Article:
What kinds of tax-favored retirement accounts are there?
Tax-favored retirement accounts can be sliced and diced in various ways. There are three big differences, though: who sponsors them, who bears the risk, and when Uncle Sam takes his cut.
Defined-benefit plans generally distribute funds on a regular basis during retirement according to formulas that account for employees’ years of work and earnings. In defined-contribution plans, of which the 401(k) plan is the most common, balances depend on the size of past employee and employer contributions and on the investment returns accumulated on those contributions.
Accounts established by individuals include two types of individual retirement accounts (IRAs): traditional IRAs and Roth IRAs. Like 401(k)s, traditional IRAs allow taxpayers to deduct their contributions, up to a preset limit, from taxable income. Tax liability is only triggered when funds are distributed to the account owners. By contrast, contributions to Roth IRAs and Roth 401(k)s yield no tax breaks when they are made, but distributions to retirees, including accumulated investment income, are tax-free.
Employers are not required to offer retirement benefits to their employees, and only about half of all workers receive them. Employees of large companies are more likely to receive employer-sponsored retirement benefits than their counterparts in small firms. In 2015, about two-thirds of workers at medium-size and large firms received retirement benefits, compared with about one-third of workers at small firms. In 2015, almost all government employees (89 percent) received retirement benefits of one sort or another.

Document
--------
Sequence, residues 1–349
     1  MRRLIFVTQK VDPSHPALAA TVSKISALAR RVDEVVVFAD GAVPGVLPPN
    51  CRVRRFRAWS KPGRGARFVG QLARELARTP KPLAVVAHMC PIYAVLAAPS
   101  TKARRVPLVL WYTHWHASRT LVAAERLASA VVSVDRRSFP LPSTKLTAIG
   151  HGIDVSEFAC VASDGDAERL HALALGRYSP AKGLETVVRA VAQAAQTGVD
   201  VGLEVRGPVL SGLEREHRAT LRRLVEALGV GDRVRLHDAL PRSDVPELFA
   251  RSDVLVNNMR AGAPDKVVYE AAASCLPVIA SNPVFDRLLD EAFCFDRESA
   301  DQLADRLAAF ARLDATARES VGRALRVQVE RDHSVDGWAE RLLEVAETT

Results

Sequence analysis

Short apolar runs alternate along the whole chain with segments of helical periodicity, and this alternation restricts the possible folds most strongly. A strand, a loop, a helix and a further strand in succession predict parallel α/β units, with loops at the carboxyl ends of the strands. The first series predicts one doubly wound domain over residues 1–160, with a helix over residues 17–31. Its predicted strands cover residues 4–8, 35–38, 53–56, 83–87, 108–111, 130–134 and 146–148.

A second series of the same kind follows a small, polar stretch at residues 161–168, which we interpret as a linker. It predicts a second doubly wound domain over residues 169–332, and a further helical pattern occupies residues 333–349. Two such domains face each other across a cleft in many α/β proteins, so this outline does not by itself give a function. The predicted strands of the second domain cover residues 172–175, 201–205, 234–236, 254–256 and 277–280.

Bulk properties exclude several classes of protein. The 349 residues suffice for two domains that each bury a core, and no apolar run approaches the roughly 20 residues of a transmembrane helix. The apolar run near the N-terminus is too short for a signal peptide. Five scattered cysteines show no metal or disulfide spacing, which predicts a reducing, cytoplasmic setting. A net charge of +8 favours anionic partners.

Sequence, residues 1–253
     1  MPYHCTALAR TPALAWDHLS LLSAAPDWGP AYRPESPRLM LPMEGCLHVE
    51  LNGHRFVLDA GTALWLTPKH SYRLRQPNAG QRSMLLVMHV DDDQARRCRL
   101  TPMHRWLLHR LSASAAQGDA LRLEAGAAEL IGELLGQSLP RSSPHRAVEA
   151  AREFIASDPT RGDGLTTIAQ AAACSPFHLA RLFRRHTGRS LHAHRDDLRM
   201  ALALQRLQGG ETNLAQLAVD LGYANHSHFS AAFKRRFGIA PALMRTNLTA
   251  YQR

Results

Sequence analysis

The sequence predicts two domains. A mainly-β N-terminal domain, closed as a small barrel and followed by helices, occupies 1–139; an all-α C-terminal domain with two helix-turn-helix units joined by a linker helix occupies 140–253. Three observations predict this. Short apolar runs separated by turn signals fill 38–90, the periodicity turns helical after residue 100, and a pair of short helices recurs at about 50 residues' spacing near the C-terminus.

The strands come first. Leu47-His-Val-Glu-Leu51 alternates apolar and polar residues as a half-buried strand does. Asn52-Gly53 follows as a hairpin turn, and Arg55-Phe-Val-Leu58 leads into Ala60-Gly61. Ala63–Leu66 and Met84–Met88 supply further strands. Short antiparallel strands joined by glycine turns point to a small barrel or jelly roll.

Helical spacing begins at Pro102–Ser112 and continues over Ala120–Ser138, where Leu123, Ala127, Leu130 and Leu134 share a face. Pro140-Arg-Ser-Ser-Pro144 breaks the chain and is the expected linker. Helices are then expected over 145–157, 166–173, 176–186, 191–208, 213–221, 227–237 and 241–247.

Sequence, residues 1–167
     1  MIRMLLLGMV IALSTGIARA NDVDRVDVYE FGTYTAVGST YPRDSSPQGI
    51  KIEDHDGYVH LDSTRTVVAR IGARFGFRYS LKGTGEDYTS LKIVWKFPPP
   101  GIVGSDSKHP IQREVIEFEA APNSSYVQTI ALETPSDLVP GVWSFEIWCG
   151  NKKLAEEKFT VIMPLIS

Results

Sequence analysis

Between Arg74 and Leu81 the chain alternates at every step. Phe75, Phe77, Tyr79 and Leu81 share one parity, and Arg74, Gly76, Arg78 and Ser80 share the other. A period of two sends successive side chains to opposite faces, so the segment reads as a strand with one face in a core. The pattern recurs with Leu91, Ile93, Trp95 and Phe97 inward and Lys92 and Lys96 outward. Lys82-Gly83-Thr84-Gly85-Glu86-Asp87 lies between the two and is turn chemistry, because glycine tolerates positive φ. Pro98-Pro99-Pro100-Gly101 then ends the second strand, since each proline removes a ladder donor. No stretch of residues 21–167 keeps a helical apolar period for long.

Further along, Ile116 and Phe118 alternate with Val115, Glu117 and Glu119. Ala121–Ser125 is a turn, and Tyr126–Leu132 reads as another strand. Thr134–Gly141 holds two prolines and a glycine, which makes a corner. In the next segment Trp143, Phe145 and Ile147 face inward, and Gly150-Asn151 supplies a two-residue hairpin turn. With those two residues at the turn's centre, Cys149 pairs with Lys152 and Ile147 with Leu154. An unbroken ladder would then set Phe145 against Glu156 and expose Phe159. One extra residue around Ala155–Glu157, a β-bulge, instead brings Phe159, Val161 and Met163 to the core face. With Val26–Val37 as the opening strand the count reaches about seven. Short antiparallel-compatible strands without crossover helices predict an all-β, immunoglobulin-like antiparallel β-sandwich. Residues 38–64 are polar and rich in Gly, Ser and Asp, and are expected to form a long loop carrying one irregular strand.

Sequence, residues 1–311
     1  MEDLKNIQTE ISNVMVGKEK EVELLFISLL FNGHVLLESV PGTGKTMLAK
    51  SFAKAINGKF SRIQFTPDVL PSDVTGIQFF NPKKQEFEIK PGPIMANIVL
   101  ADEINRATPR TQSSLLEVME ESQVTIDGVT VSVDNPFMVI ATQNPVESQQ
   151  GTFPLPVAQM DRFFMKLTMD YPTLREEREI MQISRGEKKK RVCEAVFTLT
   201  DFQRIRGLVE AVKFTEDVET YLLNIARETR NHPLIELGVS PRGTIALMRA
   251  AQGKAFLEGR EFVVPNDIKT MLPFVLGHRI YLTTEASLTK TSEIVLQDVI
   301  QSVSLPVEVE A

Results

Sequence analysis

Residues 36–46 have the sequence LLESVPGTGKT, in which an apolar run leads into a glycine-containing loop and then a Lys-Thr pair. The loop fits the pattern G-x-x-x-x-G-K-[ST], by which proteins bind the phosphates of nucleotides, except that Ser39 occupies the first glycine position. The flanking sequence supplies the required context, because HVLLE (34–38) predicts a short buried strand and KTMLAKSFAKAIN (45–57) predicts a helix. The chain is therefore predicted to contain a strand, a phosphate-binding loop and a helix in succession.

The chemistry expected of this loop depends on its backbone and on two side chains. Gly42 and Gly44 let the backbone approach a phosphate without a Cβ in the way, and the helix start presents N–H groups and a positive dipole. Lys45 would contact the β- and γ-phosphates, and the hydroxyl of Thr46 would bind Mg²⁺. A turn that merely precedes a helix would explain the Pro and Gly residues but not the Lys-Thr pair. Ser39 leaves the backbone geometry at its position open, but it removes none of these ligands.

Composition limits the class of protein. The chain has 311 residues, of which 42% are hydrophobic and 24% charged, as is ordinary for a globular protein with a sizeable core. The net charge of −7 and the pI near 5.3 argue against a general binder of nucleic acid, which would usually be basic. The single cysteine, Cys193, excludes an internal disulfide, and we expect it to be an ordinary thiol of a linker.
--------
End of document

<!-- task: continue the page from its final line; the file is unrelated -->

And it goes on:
Participation in retirement accounts initiated by individuals rather than employers is less common. In 2013, only around 14 percent of households contributed to any type of IRA.
Congressional Budget Office 2011. "Use of Tax Incentives for Retirement Saving in 2006.” Washington, DC: Congressional Budget Office.
Employee Benefit Research Institute. 2014. EBRI Databook on Employee Benefits. Washington, DC: Employee Benefit Research Institute.
Holden, Sarah, and Daniel Schrass. 2015. “The Role of IRAs in U.S. Households’ Saving for Retirement, 2014.” Washington, DC: Investment Company Institute.